What Is the Real-Life Impact of Declining Cognitive Skills?

Although laboratory tests find that older people generally have slower brains and lower cognitive skills than younger ones, these declines do not always have an impact on day-to-day life. Older workers do as well in most jobs as younger ones, and most elderly people live independently, in part because many daily tasks are automatic or routine. In fact, research has found that old people are better at remembering to take prescription medications than the young or middle-aged, perhaps because the elderly have more fixed habits.

"It's not easy to find the impact of subtle declines in cognition in everyday life because most of the time your everyday life doesn't require all your cognition," Park said. "Where this comes to bear is in situations where you have to process a lot of information fast."

The ability to process information quickly is relevant for more than just playing video games or doing other tasks that demand a quick reaction time. A slower brain also is less able to process complicated information that requires the memory to record one piece of data before the next piece is absorbed. That could hinder an elderly person's ability to take in and respond to information from a physician presenting a complicated medical diagnosis, for example, or from someone conveying driving directions in a strange city.

Memory and other cognitive skills also can be affected by what researchers call the "social environment." In one experiment, lead author Tamara Rahhal, now of the University of Massachusetts, and other researchers compared performances on a memory test. Younger people scored higher than older ones when test takers were told to remember as many statements as possible from a list they were given. When they were told to "learn" as many as possible, age differences vanished. This suggests that older people's anxiety about their declining memories may worsen their ability to remember things.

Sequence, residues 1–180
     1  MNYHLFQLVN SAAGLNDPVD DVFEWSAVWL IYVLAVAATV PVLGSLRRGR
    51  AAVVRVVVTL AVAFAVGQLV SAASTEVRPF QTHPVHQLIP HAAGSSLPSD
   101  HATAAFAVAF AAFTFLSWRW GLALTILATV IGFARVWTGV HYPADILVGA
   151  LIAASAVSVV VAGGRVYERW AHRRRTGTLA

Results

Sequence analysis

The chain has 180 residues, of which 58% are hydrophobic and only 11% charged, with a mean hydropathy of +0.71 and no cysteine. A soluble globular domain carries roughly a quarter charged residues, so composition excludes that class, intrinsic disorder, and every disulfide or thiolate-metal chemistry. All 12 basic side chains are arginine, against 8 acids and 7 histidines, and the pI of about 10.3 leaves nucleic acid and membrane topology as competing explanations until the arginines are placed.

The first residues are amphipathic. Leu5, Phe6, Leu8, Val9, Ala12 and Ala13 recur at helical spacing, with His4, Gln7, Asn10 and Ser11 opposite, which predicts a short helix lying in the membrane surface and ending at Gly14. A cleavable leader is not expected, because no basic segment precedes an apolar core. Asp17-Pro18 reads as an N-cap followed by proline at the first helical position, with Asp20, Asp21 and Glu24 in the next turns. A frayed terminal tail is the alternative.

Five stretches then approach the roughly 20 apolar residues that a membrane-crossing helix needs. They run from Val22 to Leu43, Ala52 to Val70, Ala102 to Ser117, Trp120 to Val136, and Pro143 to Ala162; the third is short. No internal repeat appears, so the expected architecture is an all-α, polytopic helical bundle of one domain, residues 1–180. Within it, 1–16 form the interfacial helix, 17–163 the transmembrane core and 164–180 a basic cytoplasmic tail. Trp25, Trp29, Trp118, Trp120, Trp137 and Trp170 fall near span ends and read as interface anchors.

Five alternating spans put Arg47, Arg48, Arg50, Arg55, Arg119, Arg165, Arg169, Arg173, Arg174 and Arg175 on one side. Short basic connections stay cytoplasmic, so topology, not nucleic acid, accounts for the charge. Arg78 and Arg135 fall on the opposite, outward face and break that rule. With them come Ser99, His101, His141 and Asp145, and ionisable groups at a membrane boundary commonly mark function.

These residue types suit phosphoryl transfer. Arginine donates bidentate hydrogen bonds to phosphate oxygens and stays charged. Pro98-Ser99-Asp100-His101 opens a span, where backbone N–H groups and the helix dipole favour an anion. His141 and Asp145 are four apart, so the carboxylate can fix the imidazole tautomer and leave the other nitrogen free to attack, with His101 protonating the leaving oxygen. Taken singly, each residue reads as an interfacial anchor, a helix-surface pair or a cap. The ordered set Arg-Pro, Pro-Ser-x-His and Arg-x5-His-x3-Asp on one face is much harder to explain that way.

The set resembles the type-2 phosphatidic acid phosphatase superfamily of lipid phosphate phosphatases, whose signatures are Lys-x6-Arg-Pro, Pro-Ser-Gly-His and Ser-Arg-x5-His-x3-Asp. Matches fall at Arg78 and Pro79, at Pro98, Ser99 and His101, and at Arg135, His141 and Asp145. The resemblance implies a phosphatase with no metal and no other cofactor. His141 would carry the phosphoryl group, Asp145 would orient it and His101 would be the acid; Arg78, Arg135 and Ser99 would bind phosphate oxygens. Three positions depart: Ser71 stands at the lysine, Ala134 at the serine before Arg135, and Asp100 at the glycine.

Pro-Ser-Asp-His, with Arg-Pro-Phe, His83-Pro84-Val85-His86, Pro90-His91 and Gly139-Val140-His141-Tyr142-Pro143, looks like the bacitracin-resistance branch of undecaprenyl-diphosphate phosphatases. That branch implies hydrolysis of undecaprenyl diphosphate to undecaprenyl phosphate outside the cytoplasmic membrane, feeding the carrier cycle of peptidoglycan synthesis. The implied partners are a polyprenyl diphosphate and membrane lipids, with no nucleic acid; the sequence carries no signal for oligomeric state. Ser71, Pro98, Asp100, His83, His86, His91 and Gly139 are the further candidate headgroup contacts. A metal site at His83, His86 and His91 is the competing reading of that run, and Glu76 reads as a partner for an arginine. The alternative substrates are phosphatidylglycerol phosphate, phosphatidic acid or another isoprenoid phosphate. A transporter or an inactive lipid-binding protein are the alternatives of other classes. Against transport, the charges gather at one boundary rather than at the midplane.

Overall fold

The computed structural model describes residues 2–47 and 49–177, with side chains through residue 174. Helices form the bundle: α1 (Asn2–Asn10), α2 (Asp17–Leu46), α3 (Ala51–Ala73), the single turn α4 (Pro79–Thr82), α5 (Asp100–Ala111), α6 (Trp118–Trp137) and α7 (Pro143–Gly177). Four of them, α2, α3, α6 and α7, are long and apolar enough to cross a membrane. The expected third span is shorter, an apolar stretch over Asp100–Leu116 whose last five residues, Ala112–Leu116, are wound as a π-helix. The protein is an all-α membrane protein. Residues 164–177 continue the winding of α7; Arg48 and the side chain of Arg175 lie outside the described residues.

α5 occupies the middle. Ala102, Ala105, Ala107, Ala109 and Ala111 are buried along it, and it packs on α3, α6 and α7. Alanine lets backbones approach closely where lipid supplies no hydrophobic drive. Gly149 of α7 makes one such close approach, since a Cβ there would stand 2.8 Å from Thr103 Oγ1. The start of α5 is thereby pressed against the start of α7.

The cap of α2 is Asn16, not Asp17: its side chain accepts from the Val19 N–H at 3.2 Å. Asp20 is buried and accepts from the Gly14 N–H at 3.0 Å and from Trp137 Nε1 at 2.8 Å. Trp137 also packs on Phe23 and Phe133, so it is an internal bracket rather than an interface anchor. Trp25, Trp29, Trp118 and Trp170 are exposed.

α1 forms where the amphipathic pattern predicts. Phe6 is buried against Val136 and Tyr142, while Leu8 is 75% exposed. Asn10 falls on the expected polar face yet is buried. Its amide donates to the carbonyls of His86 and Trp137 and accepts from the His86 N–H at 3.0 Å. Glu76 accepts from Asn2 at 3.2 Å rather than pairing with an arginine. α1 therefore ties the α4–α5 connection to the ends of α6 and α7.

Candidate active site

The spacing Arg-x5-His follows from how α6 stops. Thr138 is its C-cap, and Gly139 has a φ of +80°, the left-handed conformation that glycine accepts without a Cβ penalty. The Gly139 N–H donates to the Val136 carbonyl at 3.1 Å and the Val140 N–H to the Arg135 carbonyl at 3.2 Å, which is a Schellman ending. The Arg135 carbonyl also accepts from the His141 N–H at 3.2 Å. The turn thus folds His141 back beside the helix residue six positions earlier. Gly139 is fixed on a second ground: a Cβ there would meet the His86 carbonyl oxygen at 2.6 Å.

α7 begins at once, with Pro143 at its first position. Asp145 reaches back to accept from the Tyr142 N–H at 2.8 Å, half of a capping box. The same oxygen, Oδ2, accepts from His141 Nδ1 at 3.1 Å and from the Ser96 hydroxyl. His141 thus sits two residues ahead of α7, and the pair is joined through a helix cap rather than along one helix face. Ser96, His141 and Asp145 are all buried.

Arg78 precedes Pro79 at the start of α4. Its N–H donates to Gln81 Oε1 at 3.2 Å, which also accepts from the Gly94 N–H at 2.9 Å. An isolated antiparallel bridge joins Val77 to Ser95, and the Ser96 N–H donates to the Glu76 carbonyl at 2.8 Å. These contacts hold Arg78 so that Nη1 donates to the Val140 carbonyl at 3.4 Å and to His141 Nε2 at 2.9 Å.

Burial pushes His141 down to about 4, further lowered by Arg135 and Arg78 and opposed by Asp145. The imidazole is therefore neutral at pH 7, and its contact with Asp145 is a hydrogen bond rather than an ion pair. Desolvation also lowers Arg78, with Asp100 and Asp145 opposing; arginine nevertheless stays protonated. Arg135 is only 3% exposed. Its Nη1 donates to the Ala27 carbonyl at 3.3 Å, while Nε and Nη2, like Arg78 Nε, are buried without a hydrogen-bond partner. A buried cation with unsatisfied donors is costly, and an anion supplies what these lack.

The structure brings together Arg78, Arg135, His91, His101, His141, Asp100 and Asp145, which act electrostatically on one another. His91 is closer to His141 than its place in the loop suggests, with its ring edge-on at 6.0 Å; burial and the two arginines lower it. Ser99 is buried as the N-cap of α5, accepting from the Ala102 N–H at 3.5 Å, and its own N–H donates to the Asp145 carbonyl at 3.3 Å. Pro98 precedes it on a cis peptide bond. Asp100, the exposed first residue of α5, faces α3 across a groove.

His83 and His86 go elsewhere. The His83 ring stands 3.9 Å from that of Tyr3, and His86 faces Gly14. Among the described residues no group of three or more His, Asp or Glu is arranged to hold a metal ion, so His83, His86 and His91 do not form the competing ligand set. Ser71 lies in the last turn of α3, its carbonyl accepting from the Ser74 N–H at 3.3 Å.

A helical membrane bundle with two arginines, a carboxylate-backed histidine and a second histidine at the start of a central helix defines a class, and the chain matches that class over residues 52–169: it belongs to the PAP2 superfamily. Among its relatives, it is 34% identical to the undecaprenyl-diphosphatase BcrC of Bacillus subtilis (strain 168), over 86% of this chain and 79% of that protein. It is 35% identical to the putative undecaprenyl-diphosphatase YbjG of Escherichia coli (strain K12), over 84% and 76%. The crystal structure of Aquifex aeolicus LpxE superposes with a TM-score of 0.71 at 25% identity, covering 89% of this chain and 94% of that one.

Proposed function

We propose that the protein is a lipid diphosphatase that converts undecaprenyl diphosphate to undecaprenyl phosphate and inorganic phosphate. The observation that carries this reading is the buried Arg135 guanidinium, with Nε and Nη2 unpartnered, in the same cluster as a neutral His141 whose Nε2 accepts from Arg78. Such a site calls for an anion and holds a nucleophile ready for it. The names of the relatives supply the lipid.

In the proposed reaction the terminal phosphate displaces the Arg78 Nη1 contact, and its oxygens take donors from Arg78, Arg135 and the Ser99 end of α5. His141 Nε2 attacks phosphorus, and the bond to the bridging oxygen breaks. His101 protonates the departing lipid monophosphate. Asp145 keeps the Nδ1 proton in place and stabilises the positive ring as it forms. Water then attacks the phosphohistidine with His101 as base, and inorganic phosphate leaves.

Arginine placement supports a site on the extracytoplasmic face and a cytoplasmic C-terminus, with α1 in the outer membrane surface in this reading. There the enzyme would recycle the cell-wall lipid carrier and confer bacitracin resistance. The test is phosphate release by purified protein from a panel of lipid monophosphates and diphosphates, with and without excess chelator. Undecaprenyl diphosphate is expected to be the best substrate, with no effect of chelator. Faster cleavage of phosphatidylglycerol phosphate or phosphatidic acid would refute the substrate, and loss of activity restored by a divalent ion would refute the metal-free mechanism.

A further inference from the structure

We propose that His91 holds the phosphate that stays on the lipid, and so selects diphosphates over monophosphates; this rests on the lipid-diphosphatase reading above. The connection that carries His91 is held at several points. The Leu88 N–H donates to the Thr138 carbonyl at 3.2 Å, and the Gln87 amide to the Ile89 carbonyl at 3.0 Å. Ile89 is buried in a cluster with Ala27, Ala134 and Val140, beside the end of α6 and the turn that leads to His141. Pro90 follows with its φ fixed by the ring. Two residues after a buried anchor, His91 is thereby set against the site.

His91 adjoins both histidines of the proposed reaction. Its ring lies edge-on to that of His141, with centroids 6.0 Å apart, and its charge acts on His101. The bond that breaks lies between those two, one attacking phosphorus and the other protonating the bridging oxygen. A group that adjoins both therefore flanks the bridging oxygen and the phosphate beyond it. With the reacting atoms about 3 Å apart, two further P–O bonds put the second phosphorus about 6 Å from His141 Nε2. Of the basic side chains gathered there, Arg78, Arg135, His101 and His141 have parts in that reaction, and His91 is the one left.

When Baby Boomers Age

Some researchers believe that the baby-boom generation could be less at risk of cognitive decline than their parents because they have higher education levels, which may serve to increase the density of their neural synapses. People who engage in cognitive activities—reading a book, playing chess or crosswords, listening to a radio program—are less likely to lose their mental edge than those who do not. Older people can improve their memory capacity through training to the point that it equals that of untrained younger people, research shows.

"Now that we have these brain tools," Park said, "we are in the early stages of an era of [learning] what we can do to improve our cognitive function."

D'Vera Cohn is senior editor at the Population Reference Bureau.


Deborah E. Barnes et al., "The Relationship Between Literacy and Cognition in Well-Educated Elders," The Journals of Gerontology Series A: Biological Sciences and Medical Sciences 59, no. 4 (2004): 390-95.

Laura L. Carstensen, "Growing Old or Living Long: A New Perspective on the Aging Brain," Public Policy and Aging Report 17, No. 1, (2007): 13.

Dana A. Glei et al., "Participating in Social Activities Helps to Preserve Cognitive Function: An Analysis of a Longitudinal, Population-Based Study of the Elderly," International Journal of Epidemiology 34, no. 4 (2005): 864-71.

National Research Council, When I'm 64, ed. Laura L. Carstensen and Christine R. Hartel (Washington, DC: National Academies Press, 2002).

Denise Park and Norbert Schwartz, eds., Cognitive Aging: A Primer (Philadelphia: Psychology Press, 2000).

K. Warner Schaie and Laura L. Carstensen, eds., Social Structures, Aging, and Self-Regulation in the Elderly, (New York: Springer Publishing Co., 2006).

Sherry L. Willis et al., "Long-Term Effects of Cognitive Training on Everyday Functional Outcomes in Older Adults," Journal of the American Medical Association 296, no. 23 (2006): 2805-14.